Geoff Livingston's blog
The UN Climate Change Conference ended with a controversial deal and an unfunded commitment by wealthy countries to provide monies for developing countries that engage in green developments. The accord offered some progress. Yet critics have good cause to be angered. Nothing that the world's biggest carbon producing offenders -- the United States and China -- agreed to offers substantive change in their own actions.
The UN Copenhagen Conference to negotiate a new global environment treaty began today. And my mind wanders north and east across the entirety of the Atlantic Ocean. I imagine these political types gathering, making great statements and pronouncing real hope. However, as CNN reported this weekend, the gathering is unlikely to yield a new world pact.
While every person in attendance at Copenhagen will surely admit the severe nature of the environmental crisis, who will be empowered to act? Politically speaking, economic prosperity and “defense” still outweigh eco-initiatives in most every country. Individually, we must continue to put pressure on our governments to cause movement.
The Environmental Defense Fund launched its 10,000 Reasons Facebook Campaign to combat climate change. As the world's attention turns to the Copenhagen Climate Change Conference this December 7-18, EDF is collecting 10,000 or more reasons to support strong climate action from U.S. and world leaders. The reasons will be sent to key members of Congress and the White House.
This is an easy way for anyone to add their voice and make a difference in global movement to cut global warming pollution and unleash our clean energy future. People simply need to share their reason on the Discussion board of the EDF fan page.
While in Europe, I had the opportunity to catch up with Brother Phap Thanh (Bernard), the monastic in charge of the Deer Park Monastery solar project, which attracted significant attention in the San Diego region. Deer Park Monastery is part of the Plum Village Tradition of Bhuddhism run by Nobel Peace Prize nominee Thich Nhat Hanh.
The Go Solar! project was an intentional effort to engage the problem of global warming. The photovoltaic solar panel system was permanently installed in 2008, and now the Monastery is completely run off of solar power.
In one of the most far reaching consequences of China's rapid economic acceleration and its somewhat related occupation of Tibet, the world's largest non-polar glacier reserve is endangered. Dubbed the Third Pole or the Roof of the World, this beautiful and remote resource is greatly endangered.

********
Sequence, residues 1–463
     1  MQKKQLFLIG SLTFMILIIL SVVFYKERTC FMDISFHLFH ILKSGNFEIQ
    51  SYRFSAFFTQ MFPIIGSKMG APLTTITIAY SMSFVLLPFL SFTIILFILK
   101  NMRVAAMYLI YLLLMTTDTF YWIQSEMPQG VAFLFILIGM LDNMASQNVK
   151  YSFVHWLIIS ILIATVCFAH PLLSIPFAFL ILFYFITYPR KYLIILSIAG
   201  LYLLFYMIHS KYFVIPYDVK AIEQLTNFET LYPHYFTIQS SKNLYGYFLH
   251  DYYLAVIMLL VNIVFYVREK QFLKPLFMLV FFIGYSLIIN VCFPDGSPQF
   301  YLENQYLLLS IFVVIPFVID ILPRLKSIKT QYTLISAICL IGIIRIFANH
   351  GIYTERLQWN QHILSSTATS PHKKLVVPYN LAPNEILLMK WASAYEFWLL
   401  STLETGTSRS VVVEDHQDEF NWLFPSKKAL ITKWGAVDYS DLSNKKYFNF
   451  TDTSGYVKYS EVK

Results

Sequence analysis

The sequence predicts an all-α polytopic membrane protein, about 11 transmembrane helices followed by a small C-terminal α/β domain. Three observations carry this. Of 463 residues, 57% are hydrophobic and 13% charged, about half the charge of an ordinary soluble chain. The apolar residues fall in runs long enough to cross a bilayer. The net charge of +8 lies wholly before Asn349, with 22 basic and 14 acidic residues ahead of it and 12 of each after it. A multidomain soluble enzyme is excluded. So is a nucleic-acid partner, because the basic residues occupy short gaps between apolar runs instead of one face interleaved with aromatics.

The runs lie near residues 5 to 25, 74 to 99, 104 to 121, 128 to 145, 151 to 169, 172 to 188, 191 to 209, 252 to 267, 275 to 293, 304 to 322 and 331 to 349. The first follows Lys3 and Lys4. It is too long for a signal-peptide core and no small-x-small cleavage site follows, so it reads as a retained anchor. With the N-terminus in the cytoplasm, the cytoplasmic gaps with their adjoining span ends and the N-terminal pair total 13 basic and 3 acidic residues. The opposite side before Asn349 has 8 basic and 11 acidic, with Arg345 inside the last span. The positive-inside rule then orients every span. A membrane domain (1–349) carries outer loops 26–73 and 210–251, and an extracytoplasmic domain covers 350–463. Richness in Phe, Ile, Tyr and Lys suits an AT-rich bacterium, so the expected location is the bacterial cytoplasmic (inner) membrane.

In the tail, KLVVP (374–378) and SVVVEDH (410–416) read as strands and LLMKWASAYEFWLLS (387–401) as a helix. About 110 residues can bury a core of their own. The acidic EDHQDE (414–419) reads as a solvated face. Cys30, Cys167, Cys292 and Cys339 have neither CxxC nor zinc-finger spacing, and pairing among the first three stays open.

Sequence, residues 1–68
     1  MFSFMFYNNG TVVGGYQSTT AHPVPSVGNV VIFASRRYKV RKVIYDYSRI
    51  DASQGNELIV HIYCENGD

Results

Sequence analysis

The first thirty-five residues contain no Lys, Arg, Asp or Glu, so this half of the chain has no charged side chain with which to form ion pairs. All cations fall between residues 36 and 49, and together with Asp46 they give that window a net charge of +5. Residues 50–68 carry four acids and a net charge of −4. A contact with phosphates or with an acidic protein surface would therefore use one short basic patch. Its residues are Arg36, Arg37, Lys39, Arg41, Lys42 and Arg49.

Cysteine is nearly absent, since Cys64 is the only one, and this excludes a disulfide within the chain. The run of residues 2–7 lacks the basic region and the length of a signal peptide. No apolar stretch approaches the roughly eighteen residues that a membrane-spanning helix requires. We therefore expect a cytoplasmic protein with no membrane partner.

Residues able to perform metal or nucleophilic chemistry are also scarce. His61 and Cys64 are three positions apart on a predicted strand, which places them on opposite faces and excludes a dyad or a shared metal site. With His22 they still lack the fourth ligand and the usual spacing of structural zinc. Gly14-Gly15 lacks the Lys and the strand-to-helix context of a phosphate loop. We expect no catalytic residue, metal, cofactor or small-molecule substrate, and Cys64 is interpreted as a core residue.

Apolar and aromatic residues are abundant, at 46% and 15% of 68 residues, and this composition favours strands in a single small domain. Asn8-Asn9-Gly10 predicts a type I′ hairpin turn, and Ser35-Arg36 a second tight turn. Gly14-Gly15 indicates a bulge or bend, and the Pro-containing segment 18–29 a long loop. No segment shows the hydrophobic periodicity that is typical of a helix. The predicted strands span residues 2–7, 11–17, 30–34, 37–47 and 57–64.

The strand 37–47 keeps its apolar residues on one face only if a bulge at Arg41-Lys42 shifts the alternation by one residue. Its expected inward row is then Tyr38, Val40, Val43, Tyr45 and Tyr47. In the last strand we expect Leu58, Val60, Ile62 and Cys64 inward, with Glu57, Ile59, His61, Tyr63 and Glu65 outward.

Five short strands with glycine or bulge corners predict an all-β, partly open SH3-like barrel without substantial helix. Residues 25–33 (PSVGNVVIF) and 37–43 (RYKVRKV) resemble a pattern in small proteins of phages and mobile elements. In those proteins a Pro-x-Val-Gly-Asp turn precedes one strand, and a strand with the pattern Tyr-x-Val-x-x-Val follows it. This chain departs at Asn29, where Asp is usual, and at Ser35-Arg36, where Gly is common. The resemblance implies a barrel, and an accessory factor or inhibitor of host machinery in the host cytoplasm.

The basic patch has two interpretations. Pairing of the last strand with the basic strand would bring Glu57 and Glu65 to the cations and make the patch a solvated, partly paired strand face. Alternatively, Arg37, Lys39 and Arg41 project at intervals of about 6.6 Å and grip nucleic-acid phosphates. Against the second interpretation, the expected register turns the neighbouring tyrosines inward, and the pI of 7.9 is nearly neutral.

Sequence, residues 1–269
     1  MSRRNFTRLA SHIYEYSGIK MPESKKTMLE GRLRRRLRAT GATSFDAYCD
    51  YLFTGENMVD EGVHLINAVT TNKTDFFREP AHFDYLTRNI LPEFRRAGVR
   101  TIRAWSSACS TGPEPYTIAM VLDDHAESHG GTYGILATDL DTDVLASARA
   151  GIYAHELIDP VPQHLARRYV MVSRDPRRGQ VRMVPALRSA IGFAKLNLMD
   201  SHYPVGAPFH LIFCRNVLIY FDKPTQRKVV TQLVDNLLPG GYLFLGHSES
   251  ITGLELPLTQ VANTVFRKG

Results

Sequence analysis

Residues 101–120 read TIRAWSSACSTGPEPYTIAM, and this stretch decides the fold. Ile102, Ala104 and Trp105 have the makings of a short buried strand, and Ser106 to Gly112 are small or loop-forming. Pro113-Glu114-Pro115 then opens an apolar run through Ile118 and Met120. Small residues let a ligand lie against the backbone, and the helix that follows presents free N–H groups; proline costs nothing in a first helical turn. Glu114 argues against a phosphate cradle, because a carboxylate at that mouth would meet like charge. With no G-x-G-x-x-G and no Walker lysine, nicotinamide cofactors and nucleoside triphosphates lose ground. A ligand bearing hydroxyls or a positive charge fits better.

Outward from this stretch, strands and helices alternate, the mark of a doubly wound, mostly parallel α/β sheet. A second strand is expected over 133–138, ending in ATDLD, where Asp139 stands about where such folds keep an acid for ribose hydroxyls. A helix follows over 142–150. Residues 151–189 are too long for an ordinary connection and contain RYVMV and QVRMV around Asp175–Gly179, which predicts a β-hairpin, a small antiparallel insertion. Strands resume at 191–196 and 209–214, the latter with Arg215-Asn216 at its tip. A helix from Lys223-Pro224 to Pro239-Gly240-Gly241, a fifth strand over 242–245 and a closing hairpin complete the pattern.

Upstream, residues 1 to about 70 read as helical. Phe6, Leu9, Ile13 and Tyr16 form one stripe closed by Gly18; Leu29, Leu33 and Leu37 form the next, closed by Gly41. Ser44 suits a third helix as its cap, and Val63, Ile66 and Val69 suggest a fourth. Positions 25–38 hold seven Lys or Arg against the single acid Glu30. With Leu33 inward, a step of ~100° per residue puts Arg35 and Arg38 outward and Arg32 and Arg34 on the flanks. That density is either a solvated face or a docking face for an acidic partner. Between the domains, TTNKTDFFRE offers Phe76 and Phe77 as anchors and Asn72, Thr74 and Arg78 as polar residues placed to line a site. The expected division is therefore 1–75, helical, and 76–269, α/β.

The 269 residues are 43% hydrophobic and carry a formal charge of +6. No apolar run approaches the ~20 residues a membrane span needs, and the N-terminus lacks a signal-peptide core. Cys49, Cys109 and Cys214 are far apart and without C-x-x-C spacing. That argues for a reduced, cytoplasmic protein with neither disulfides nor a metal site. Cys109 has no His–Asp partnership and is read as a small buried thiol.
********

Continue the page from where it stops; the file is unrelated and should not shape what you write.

More than 190 countries will gather at the UN Climate Change Conference this December 7-18 in Copenhagen to determine the environmental fate of our planet (see the Guardian's ongoing coverage for baseline facts). With less than 40 days remaining before the Copenhagen conference, a new effort -- Hopenhagen -- seeks to unite citizens across the world in political action.
Twenty three percent. That's the percentage of global energy consumed by U.S. citizens, which only has 5% of the world's population (source: World Resource Institute). If the rest of the world consumed as Americans do, it would take 5.4 earths to meet our resource needs (source: Global Footprint Network). Better hope those moon and Mars programs get funding!
In all seriousness, we as Americans have become incredible consumers of the world's resources.
Blog Action Day 2009 on October 15 revolves around climate change. While many people may be concerned about the environment, they may need ideas to write about. So we figured a little Blog Action Day sharing was in order to get folks prepped for their posts.
The following 10 resources are my favorites, please add yours, too!
With more than 600 photos submitted, the contributors to the #lovetheclimate Flickr Group have done more than send statements to their senators. They’ve created a beautiful permanent testimony to the awesome beauty of Mother Nature, reminding us of what we are seeking to protect. The group slideshow cannot help but leave you stunned by Mother Nature’s beauty.